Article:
I basically called my mom for help. Except when I say mom, I mean an esthetician.
Once upon a time, way back in the early 2000s, well before I became a glossy magazine editor, I was living in Chicago, dreaming about becoming a glossy magazine editor. I could never have predicted then that some 11 years later, I would not only be living in New York, but would eventually become editor-in-chief of xoVain. But life is weird, and I’m glad for that.
As a regular reader of the ladymags, I aspired to be a classy lady as defined by said ladymags. One of those ways, they assured me, in addition to acquiring a crisp white shirt, a go-anywhere suit, and a statement handbag, was to burn Diptyque candles at every opportunity. Classy ladies loved this French brand, known for its chic typeface and sophisticated scents.
At the time, I was a frequent window shopper in the beauty department at Barneys, which, to my memory, had the meanest sales associates I’ve ever encountered anywhere in my life before or since. I suspected Barneys imported these people from New York for authenticity, which I assumed accounted their dismissiveness--a notion I’ve since ruled out: Having lived in New York for a long time, I now know that the Chicago Barneys beauty staff of that era were simply a-holes.
In spite of this, one of my favorite counters to peruse there was Diptyque’s. So I saved up my pennies to buy Baies, a rose-currant scent. (I think they were around $50 back then, which was and is a TON of money for a candle.)
After work one day, I gingerly approached the sales associate behind the Diptyque counter. Here’s how it went:
Me: “Hi. I would love some help, please.”
Sales Associate: [Once-over of my Kate Spade Sam statement bag and poly-blend Limited go-anywhere suit.] “I’m with another customer.”
Me: [Looks around. Sees no other customers.] “OK. Is there someone else who can help?”
SA: “I’ll check.” Walks away. Doesn’t come back.
Me: [Blinks.] Walks over to another sales associate at a different makeup counter. “Excuse me--”
Other Sales Associate: “I’m with a customer.”
Me: “OK, when you’re done, I could use some help with--”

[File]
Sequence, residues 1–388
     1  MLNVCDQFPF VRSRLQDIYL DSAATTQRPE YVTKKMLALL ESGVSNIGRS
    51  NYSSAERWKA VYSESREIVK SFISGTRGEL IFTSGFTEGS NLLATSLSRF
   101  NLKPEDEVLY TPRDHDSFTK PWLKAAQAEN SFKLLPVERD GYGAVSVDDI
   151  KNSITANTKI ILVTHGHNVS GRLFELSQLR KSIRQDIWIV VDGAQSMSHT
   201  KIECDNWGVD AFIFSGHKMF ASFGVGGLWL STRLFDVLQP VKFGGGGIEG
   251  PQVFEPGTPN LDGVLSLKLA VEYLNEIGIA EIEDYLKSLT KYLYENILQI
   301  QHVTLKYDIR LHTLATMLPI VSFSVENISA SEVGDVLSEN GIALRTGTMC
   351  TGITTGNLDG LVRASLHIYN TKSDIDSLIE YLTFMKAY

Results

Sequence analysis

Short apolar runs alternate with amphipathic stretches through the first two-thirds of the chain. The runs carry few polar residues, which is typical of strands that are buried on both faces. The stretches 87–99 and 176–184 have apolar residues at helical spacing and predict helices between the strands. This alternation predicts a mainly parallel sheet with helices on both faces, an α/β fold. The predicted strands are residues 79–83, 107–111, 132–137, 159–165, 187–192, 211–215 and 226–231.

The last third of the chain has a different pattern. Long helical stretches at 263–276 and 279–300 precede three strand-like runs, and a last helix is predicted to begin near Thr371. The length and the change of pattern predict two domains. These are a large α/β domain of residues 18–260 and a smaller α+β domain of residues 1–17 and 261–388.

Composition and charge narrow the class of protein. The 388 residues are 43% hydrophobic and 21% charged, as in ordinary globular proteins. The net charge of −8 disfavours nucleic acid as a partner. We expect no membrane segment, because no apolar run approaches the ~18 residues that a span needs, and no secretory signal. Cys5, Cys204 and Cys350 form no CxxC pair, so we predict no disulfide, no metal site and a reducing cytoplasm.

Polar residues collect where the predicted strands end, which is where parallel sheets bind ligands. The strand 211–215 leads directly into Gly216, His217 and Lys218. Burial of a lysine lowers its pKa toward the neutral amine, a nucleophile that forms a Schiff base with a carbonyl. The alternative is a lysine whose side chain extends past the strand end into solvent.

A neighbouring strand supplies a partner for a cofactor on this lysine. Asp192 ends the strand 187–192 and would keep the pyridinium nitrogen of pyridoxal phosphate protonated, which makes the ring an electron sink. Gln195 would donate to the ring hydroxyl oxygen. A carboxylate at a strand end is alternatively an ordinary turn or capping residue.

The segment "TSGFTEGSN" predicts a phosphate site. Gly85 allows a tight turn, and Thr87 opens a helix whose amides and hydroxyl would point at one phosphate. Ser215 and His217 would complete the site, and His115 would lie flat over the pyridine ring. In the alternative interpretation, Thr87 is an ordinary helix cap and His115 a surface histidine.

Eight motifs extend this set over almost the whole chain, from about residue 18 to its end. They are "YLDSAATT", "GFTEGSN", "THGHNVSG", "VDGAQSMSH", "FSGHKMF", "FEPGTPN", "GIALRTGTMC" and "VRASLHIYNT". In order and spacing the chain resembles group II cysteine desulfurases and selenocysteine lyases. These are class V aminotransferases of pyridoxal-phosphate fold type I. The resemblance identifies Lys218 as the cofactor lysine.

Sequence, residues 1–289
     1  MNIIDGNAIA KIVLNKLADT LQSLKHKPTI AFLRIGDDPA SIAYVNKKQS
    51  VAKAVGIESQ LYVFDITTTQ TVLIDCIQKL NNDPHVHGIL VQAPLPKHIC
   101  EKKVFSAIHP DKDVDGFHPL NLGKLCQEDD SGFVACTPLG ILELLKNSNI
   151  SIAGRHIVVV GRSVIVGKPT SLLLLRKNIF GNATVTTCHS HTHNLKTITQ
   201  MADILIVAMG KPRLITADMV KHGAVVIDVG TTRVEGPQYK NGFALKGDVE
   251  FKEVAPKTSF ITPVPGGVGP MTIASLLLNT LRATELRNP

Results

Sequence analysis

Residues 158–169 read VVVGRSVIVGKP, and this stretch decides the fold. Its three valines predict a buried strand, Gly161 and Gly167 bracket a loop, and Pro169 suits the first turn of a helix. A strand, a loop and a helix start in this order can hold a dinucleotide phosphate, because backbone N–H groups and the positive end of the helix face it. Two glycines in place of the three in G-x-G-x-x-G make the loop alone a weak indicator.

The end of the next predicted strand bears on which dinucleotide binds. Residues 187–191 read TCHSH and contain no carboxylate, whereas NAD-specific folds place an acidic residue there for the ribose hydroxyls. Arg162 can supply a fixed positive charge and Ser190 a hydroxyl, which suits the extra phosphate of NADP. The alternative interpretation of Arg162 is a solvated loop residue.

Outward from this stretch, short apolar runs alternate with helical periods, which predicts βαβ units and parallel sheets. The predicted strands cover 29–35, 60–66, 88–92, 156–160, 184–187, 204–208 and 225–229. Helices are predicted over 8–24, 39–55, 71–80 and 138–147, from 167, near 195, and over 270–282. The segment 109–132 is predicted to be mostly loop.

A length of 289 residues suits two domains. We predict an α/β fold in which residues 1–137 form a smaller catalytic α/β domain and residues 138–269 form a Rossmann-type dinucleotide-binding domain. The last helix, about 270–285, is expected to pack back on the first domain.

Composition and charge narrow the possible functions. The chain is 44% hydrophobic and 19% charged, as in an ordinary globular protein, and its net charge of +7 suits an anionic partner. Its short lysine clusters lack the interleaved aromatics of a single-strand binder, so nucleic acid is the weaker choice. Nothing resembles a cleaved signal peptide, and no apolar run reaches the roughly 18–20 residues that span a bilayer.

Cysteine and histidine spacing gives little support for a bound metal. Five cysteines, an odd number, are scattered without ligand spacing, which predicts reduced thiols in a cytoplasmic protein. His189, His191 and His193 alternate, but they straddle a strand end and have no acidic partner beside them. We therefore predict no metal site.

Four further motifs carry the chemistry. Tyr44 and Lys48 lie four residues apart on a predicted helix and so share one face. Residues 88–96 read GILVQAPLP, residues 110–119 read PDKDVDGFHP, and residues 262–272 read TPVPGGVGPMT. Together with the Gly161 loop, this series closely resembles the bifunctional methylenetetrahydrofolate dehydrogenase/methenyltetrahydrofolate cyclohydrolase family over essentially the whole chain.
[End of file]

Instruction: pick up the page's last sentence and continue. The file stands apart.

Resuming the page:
OSA: [Deep sigh.] “We’re just really busy right now.”
Eventually, I found someone there to sell me that damn Baies candle, and it was worth it: Baies filled my studio apartment with its velvety, sultry scent, mostly obscuring the commingling odors of beer and pizza that frequently wafted up from Armitage Avenue’s restaurants down below.
And I felt classier, indeed. It remains, to this day, in my top-five favorite candle fragrances and I always have one on hand. It also reminds me of how far I've come since then.
After The Baies Incident, I vowed never to set foot in that Barneys, or any Barneys, ever again. BUT: The ladymags got me once more. In 2003, news broke that Diptyque collaborated with John Galliano on a candle, called Essence of John Galliano, a blend of musk, leather, smoke, and vanilla. I had to have it.
Time had not mellowed the beauty folks at Barneys (and they’re not exactly killing it in RE: customer service today), though the transaction was decidedly less fraught than my previous one. But here's the real takeaway: The candle, ELEVEN YEARS LATER, still smells almost as perfectly sweaty-sexy today as it did when it was new.
Essence of John Galliano was created by perfumer Olivia Giacobetti, who has also made scents for Frederic Malle, L’Artisan Parfumeur, and her own niche line, Honore des Pres. Now I know a lot more about fragrance: how it’s made and how difficult it is to translate scents into candles, which makes me appreciate its longevity all the more. White Barn Candle Company, this isn’t. (Wait--I don’t think that’s even still around. But I remember they had a Bread candle that was pretty epic. Did I make that up?)
After Galliano’s many problems came to light in 2011, the candle quietly disappeared from shelves, but it's once again available on Diptyque’s site for $68. I think I paid slightly less for it in 2003, but there’s still about ¼ of it left to go. Beauty math tells me Essence of John Galliano has cost me approximately $5.45 a year. Worth it? Every last penny.
What’s your favorite fancy candle brand?